As many of you know, I am currently pursuing my masters in public relations.  For a class this spring I was charged with writing a literature review based on any theory in public relations academia.  The catch: it had to relate to our current or proposed future career path.  As I have a personal and professional interest in both social media and alumni relations, I combined the two.  I chose to examine the body of research conducted on social identity theory and its potential applications to alumni relations and social media use in marketing.  Please read below for the text of my final paper.  I would love feedback if you have any!

The Social Alumnus: Implications of Social Identity Theory in the Digital Era

Social Identity Theory provides implications for the use of social media engagement with students and alumni to increase the quality of their relationships with a university and their participation and donation rates as alumni.  In this paper I will provide an examination of social identity theory.  Elements of the theory will be noted as particularly relevant to the development of strong connections between alumni and their alma mater.  Social media will be offered as a tool for strengthening these ties.

Social identity theory states that the way an individual defines his or her own identity depends both on their personal skills and traits and on their perceived group affiliations (Mael & Ashforth, 1992).  The crucial element here is “perceived” – the group affiliations must be recognized by the individual and by others (Ashforth & Mael, 1989).  Some argue that this affiliation with groups is a necessity for the individual, and that individuals require group affiliation in order to fulfill a need for self-definition (Marin & Ruiz, 2007).  Additionally, there must be perceived significance from a psychological standpoint for the individual.  The individual shares in the experiences of the victories and defeats of the group (Ashforth & Mael, 1989).  In fact, some alumni view university reviews, such as the Business Week university rankings, as a threat to their organizational identity, and their own identity as a result (Elsbach & Kramer, 1996).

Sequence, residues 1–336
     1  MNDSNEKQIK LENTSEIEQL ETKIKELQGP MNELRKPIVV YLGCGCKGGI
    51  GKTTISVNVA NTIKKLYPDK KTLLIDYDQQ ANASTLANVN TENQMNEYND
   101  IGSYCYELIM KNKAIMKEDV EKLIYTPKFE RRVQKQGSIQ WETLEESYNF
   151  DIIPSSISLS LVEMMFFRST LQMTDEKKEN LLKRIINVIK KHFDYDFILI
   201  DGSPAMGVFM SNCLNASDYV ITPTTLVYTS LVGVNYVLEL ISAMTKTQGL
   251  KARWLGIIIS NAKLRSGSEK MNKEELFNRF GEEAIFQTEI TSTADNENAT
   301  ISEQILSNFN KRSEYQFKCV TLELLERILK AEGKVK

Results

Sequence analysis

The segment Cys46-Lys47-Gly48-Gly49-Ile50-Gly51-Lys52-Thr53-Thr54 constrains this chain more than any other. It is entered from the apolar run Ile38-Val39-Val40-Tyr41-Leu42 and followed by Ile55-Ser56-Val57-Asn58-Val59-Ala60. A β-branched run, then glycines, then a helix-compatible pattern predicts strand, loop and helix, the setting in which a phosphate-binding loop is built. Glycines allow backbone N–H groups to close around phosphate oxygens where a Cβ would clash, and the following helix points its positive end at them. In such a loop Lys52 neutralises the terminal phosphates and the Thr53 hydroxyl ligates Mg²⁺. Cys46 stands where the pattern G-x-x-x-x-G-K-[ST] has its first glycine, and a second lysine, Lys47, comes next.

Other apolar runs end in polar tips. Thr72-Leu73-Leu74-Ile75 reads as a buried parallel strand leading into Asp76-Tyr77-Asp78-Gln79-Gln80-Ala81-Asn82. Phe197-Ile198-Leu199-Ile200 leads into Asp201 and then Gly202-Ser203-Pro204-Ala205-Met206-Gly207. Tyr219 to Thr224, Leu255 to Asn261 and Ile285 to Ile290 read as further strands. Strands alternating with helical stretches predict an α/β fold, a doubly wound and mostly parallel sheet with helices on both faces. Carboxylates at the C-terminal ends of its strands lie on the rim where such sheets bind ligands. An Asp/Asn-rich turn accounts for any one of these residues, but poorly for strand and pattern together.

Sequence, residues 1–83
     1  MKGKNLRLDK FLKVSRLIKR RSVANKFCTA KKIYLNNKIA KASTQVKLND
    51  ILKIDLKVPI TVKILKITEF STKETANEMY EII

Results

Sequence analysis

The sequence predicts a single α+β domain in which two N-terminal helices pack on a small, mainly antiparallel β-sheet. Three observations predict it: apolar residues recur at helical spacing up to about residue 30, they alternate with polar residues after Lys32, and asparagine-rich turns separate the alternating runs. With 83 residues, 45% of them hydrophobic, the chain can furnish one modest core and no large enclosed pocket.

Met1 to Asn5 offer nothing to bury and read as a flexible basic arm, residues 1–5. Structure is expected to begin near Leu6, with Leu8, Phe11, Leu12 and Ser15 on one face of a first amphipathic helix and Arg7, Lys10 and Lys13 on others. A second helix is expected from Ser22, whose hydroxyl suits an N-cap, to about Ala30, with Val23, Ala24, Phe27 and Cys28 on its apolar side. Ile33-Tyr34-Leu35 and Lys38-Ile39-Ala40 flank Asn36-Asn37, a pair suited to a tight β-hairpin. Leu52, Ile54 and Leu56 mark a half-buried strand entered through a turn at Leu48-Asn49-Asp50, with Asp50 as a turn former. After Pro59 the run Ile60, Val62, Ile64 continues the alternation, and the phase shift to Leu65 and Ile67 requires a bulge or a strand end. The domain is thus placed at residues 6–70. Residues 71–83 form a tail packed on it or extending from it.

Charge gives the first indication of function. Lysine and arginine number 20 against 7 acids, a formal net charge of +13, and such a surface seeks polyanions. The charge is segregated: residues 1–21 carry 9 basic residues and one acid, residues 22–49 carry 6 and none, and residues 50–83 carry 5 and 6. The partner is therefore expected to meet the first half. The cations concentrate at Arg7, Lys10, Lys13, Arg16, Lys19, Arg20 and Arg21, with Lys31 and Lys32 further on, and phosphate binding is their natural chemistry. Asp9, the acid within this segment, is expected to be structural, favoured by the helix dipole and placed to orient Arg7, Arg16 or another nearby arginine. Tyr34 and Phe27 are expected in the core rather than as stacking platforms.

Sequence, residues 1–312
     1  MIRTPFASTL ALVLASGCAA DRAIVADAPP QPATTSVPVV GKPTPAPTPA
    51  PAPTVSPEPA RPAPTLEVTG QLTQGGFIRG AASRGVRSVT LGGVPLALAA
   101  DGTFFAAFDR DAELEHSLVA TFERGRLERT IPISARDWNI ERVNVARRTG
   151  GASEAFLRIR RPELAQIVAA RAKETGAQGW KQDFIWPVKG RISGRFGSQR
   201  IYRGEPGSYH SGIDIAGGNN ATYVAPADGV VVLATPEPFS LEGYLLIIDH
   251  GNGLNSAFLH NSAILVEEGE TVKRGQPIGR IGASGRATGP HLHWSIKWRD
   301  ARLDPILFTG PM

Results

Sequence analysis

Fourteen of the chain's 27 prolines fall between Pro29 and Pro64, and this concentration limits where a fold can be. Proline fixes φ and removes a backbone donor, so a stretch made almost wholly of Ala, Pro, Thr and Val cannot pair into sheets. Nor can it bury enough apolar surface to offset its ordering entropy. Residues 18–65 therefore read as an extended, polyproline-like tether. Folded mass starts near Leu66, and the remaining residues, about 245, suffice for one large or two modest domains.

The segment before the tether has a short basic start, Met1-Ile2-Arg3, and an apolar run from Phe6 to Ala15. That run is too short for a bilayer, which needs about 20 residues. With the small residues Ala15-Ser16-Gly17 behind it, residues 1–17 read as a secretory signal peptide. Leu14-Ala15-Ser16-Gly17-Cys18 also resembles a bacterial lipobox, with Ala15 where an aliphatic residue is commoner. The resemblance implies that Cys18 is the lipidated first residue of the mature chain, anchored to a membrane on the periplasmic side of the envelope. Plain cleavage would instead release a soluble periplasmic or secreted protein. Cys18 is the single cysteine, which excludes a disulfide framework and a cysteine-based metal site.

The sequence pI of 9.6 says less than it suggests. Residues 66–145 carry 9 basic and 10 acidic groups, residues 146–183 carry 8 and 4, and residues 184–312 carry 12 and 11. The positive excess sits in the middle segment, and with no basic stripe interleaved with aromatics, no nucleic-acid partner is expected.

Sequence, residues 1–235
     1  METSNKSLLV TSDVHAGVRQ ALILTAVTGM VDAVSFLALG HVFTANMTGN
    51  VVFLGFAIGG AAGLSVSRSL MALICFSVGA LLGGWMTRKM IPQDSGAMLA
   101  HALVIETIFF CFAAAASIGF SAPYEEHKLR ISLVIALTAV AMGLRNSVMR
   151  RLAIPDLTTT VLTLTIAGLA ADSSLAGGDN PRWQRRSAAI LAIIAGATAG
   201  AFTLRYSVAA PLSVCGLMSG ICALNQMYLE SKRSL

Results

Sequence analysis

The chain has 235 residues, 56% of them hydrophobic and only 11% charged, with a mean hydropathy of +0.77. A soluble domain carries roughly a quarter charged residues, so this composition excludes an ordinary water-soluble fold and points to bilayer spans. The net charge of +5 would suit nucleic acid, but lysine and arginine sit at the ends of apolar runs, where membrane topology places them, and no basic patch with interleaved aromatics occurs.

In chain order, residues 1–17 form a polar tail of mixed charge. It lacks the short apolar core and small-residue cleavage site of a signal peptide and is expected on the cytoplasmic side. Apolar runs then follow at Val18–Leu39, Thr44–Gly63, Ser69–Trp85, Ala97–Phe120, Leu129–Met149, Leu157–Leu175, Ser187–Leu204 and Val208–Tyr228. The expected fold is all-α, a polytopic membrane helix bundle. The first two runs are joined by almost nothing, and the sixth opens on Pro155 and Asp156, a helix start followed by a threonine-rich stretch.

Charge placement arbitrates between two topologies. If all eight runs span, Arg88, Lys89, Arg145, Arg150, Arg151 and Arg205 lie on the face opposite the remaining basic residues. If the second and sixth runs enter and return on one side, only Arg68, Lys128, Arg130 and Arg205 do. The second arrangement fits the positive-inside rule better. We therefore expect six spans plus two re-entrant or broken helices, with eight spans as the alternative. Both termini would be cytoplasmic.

The psychological ties between the individual and the group can be carried further when seeing organizations as groups to which the individual commits to.  This organizational commitment develops from an individual’s acceptance of the goals and values of the organization, their willingness to work on the organization’s behalf, and their wish to preserve their membership in the organization (Ashforth & Mael, 1989).

With developing technology there are implications of media that relate to these psychological issues of identity.  Some estimate that 90% of Americans will have internet access by 2014, and studies show that current college undergraduates are increasingly active in social media networks (Greenhow, Robelia, & Hughes, 2009).  A key use for social media is the development of self-presentation to peers and external audiences.  Social networks also often serve to extend real-world relationships already in existence (Hull & Stornaiuolo, 2010).  The psychology of self-identity finds an expressive outlet in the new digital era.

Organizations can rely on several mechanisms to increase an individual’s personal acceptance of their organizational social identity.  These include placing images representative of the organization in their communications, increasing the visibility of the organization’s stakeholder ties, and including stakeholders in the organization’s community itself, and encouraging interaction among stakeholders (Scott & Lane, 2000).  Social media can help the organization to meet these needs.  Social networks provide an outlet for customization of profiles, posting of pictures and brand marks, and unique communication messages.  The networking trait of social media means that a stakeholder who affiliates with the organization can display their affiliation for public view.  Social networks enable the development and strengthening of communities, and they facilitate interaction among members.